Think really big!
Good call though. There are a multitude of taxes waiting to be exercised by an ambitious tax collector.
In the ancient world, particularly Imperial Rome, the position of tax collector for a region (or city if large enough) was appointed by the regent (rarely) or purchased (either flat rate or a percentage of the ‘take’). The differences are slight. Appointments go to cronies, henchmen, or relatives; often there was a kickback involved. The purchase gives cash to the regent ‘up front’ and the cost if the purchase is ‘recovered’ over the year. In both cases, anything in excess of the amount expected at the capitol went into the packet of the office holder.
This means that the more aggressive the tax collection- the more money comes TO THE COLLECTOR, not the government. Remember that in the Robin Hood folklore it wasn’t King John who laid the heaviest fines. That was for the Sheriff of Nottingham to levy the highest taxes (and fines) to curry (buy) the favor of the king. John was weak; the Sheriff was allowed to run rampant with taxation.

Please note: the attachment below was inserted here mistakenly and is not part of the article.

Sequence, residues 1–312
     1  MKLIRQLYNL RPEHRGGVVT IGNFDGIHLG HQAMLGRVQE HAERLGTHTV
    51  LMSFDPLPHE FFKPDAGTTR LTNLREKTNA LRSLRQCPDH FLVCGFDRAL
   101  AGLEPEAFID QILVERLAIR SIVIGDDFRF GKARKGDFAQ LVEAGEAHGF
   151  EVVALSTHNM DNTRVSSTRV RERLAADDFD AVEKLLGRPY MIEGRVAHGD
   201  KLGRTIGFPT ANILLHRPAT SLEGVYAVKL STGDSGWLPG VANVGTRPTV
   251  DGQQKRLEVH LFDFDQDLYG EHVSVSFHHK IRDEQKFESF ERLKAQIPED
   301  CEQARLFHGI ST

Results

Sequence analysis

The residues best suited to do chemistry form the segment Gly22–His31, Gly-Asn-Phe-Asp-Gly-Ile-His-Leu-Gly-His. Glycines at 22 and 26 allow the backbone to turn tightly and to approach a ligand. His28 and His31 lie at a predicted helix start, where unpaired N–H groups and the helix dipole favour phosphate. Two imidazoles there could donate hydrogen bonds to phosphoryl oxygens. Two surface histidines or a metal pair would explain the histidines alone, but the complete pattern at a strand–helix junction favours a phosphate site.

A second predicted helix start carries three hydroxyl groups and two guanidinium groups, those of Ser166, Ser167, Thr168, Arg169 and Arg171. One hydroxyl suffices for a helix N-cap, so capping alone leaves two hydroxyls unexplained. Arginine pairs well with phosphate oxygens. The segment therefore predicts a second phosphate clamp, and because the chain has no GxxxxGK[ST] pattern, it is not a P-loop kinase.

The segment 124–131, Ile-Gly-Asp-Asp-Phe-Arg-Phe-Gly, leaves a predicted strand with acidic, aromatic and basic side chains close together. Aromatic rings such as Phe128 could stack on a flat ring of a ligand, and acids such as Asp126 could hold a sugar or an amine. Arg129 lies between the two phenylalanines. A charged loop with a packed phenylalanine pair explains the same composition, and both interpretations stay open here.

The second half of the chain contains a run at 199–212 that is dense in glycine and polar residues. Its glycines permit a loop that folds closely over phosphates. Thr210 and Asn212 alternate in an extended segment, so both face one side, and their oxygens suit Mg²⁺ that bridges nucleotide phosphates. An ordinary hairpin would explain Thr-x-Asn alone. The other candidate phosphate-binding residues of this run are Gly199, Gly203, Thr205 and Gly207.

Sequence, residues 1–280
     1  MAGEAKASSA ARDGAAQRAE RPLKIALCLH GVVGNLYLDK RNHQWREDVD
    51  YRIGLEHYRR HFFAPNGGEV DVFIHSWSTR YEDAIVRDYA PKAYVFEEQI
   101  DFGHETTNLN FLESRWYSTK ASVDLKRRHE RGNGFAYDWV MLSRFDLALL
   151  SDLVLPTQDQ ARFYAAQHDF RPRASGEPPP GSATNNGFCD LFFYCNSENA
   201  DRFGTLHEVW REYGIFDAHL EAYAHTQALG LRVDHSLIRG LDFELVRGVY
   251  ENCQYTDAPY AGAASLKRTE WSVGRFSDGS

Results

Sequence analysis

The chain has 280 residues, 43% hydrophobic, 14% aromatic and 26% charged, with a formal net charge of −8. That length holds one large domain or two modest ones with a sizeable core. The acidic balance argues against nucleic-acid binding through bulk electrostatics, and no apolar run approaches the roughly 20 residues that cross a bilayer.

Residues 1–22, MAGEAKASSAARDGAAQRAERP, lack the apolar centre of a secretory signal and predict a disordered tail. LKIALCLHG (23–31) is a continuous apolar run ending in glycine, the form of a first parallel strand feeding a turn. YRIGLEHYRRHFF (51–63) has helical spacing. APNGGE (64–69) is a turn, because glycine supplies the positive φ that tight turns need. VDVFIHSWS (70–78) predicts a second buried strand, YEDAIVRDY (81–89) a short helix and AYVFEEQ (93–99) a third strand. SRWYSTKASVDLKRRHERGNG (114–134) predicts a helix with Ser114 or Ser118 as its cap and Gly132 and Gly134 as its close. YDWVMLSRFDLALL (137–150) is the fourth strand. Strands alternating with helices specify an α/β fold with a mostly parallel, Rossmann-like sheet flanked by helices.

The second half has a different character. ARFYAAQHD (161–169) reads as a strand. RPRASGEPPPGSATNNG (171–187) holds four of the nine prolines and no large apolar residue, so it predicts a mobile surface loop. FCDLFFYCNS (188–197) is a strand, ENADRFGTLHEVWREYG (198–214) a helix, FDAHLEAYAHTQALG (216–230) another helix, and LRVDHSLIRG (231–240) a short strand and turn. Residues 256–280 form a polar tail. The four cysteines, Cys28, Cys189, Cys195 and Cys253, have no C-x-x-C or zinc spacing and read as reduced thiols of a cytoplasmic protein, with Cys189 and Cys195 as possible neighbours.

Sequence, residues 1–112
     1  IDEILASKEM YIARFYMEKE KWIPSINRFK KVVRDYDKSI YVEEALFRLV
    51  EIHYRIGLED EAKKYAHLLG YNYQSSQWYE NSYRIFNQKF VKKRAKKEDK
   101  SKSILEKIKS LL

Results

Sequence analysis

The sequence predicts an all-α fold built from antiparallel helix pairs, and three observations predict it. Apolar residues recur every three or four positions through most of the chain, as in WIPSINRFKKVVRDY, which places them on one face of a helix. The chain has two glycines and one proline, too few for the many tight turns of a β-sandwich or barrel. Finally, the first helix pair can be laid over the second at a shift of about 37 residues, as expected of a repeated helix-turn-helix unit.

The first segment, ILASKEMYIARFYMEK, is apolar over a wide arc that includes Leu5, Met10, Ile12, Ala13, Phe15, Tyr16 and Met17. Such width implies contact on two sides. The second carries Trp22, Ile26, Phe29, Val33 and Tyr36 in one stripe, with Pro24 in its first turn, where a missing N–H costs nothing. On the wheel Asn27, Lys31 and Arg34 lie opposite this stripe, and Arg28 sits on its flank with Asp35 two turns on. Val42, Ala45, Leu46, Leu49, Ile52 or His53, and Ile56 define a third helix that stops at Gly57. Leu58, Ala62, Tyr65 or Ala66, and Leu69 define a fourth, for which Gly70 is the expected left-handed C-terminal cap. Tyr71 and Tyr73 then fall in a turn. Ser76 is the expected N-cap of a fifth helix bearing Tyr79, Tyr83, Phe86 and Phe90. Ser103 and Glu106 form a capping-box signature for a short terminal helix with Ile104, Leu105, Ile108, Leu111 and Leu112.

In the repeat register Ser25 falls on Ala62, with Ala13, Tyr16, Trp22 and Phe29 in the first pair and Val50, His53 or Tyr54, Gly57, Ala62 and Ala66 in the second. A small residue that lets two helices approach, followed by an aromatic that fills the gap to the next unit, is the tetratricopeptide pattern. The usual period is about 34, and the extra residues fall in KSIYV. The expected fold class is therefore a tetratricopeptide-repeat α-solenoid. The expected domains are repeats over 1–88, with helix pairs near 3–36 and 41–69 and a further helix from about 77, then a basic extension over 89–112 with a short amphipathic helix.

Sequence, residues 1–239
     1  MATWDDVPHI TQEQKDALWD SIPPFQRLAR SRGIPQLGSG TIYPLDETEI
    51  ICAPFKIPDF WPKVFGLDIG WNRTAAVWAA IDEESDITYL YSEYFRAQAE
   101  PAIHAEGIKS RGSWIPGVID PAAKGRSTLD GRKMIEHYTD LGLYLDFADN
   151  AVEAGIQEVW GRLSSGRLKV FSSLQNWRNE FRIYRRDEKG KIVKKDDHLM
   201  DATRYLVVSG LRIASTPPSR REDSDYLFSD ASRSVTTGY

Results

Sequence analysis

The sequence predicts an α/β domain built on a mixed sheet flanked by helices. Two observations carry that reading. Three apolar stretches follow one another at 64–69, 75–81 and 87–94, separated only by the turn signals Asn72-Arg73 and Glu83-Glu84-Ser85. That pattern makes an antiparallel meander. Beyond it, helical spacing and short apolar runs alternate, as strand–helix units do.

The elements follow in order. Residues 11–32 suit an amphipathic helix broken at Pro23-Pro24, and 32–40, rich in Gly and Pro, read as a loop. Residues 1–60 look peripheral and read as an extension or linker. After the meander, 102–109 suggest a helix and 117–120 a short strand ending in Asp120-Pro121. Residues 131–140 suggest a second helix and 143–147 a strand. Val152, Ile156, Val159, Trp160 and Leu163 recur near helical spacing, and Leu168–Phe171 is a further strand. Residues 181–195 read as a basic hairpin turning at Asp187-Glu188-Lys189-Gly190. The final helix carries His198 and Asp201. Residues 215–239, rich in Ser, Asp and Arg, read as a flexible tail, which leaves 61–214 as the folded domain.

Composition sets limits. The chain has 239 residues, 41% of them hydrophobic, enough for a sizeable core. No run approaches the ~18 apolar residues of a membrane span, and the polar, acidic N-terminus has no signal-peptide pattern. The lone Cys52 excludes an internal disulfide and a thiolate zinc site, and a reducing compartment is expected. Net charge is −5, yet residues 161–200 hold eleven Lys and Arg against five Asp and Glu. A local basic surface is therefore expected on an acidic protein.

Now, how to use this power? A new tax to pay for the replacement of the ‘old bridge’. A new tax for the upgrade of arms and livery for the city guard. How about a tax to help pay for that foreign war? Another to ‘show an appreciation for the king’ and “donate’ an expensive gift to the king on his birthday. Yet more to buy arms for the Prince, who has just come of age. A Tea Tax, a Stamp Act, inheritance, and a pun tax. A fee for wearing a weapon. A fee for the right to wear a weapon. A fee for attending court. A fine for NOT attending court. If it moves, fine or fee it. If it doesn’t move, tax it. If it objects, fine it. If it threatens you, apologize profusely to his lordship and look for easier prey.
In short, ANYTHING can be a source for enriching the government and separating the wealth from those hard working adventurers!
Education is a better safeguard of liberty than a standing army.
- Edward Everett